Big Papi ’19 Topps Series 1 Contest Winner Announced

Congrats to bbcardz on being the lucky winner of the David Ortiz 2019 Topps Series 1 Professional Baseball 150 Years 1869-2019 Commemorative Medallion.  Once bbcardz sends me their mailing address, I will ship this card ASAP.  Thanks!

Advertisements

Wake Forest Demon Deacons ’18 Leaf Valiant Auto Contest! – NOW CLOSED

This contest is for a Cam Serigne 2018 Leaf Valiant Big Targets Orange Parallel Auto #’ed/35.  Good luck!!!

Contest Details:

  • This contest will end Friday, February 8, 2019 @ 8:00 p.m. EST.
  • To enter, please leave a comment in this post.
  • You can enter once per day.
  • The winner will be selected at random.
  • Please provide a valid e-mail address when entering.
  • The winner will receive an e-mail when the contest is over.
  • The winner has one week to send me their contact information or the contest will be held again.
  • Once the contest is over, I will need the winner’s mailing address so I can ship them this card for FREE!!!

Product Highlight: 1990 Good Humor Big League Ice Cream Bar Baseball Bat Autograph Stick

Products come in some elaborate packaging today.  You have to cut, tear, rip, and occasionally use a flamethrower just to access the cards.  It can be ridiculous.  Not to mention drive the price up.

How about having to eat ice cream in order to see what you got?  That’s exactly what needed to be done with the 1990 Good Humor Big League Ice Cream Bar Baseball Bat Autograph Stick set.  The set consists of (26) sticks shaped like miniature baseball bats.  Players are listed in alphabetical order, and numbered accordingly.  Every stick has a facsimile signature on the barrel.

Here’s the checklist:

  • Jim Abbott #1
  • George Bell #2
  • Wade Boggs #3
  • Bobby Bonilla #4
  • Jose Canseco #5
  • Will Clark #6
  • Eric Davis #7
  • Carlton Fisk #8
  • Kirk Gibson #9
  • Dwight Gooden #10
  • Ken Griffey Jr. #11
  • Von Hayes #12
  • Don Mattingly #13
  • Gregg Olson #14
  • Kirby Puckett #15
  • Tim Raines #16
  • Nolan Ryan #17
  • Bret Saberhagen #18
  • Ryne Sandberg #19
  • Benito Santiago #20
  • Mike Scott #21
  • Lonnie Smith #22
  • Ozzie Smith #23
  • Cory Snyder #24
  • Alan Trammell #25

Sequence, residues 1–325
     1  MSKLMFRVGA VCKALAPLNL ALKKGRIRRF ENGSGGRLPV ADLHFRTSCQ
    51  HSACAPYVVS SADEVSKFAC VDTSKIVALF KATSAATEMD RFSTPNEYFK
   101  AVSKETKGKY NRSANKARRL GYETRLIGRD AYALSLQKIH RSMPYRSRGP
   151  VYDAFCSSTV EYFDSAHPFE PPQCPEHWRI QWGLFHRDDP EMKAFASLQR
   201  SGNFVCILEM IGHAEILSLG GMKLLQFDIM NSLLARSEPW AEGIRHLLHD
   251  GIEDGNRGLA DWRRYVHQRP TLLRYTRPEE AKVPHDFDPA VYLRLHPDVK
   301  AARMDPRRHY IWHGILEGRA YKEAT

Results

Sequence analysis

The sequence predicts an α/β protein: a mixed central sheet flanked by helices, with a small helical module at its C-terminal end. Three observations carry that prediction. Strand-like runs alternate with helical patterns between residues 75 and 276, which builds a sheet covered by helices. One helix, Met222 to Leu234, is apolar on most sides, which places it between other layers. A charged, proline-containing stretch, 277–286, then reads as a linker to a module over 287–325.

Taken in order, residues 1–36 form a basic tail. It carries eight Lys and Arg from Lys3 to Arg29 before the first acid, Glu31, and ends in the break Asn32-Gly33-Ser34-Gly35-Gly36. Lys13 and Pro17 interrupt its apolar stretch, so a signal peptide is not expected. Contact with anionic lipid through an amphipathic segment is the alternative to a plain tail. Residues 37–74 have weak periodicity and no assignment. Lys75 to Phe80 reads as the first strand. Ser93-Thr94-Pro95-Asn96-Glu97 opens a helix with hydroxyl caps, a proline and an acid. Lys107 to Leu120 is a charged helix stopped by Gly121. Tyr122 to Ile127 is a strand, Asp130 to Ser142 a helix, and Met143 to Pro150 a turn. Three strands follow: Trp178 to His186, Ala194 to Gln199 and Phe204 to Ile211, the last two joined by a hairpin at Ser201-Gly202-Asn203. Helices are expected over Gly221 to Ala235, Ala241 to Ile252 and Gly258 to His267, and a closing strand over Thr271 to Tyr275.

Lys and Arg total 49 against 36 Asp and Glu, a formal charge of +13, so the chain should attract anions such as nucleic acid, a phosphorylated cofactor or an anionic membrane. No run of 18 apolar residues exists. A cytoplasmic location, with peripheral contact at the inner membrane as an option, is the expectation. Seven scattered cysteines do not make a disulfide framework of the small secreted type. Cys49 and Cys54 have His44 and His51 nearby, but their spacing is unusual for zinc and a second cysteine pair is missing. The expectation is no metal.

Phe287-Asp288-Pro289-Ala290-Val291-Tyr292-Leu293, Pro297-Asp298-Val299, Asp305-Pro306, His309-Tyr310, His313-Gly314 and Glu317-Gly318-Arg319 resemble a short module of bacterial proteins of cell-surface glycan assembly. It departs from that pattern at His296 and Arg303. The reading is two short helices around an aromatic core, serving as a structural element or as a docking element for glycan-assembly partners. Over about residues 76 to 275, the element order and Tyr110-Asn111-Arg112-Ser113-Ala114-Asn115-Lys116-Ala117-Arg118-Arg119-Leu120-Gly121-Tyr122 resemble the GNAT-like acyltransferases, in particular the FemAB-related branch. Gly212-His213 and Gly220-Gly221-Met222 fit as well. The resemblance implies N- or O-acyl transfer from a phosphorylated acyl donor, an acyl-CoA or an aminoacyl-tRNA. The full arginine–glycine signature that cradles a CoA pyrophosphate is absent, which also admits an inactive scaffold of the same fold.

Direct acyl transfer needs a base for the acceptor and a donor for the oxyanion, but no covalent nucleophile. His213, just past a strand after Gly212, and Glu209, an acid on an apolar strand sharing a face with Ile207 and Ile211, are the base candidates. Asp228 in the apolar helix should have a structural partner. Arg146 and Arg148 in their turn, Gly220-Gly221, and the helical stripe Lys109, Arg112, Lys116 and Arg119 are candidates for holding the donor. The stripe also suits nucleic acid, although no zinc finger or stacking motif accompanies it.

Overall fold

• Robin Yount #26

I know what you’re thinking.  “Those are cool.  But how would I store them?”  You’re in luck.  Good Humor made a special album that was available through a mail-in offer.  That album is probably more collectible than the actual sticks because you rarely see it.

Not a whole lot of value can be found with these sticks.  They’re all over the place.  None of them sell for more than $5.  Anyone still have a box sitting in the freezer?

2018 Topps Big League Baseball Hobby Box Break & Review

Wanting to get more of a younger demographic back involved with the hobby is something I think all manufacturers would like to do.  This hobby started out for kids.  Then it became a business when all of that old cardboard started to gain value.  Follow that up with much more attention focused on autographs/memorabilia.  Newer products can financially be out of the range for some would be collectors.  Some say digital products like Topps Bunt could possibly be the answer.  Physical products with digital tie-ins maybe.  I don’t know because I’m not a fortune teller.  Its tricky trying to create a product for a younger audience.  Kids don’t like being treated like kids.  They want to pull out the big stuff they see others getting.  But at the same time the manufacturer has to be careful not to load it up too much or the price per box/pack ends up being too high.  Its a balancing act.  For years I’ve said that Topps should have a corporate booth on the Little League campus during the World Series like many companies do.  Talk about hitting your target audience.  Little League has been known to be picky and expensive about who can and cannot setup.  There is a whole system to it.

Enter 2018 Topps Big League Baseball.  Hobby boxes come with (24) packs, (10) cards per pack, and cost about $45.  Its possible to pull a hit, but there is nothing guaranteed per box.  The base set consists of (400) cards.  Parallels include Gold (one per pack), Blue (Blasters), Rainbow Foil #’ed/100, Black & White #’ed/50, and Red Foil #’ed 1/1.

Photo variations are in here too.  The easiest ones to pull are the Base Player Weekend Nickname variations.  These fall 1:3 packs.  I actually consider them more of an insert.  More difficult variations come 1:507 packs.

CMP Codes:

  • Base #106
  • Base Player Weekend Nickname #529
  • Error #530

Like I mentioned before, you aren’t guaranteed any hits per box.  With that being said, autographs can be pulled.  There are two types of autographs.  The first is Big League Autographs which come 1:114 packs.  (34) current stars and veterans make up this checklist.  The other is Rookie Republic Autographs coming in at 1:102 packs.  (23) rookies are in here.  All autographs have Gold #’ed/99, Black & White #’ed/50, and Red Foil #’ed 1/1 parallels.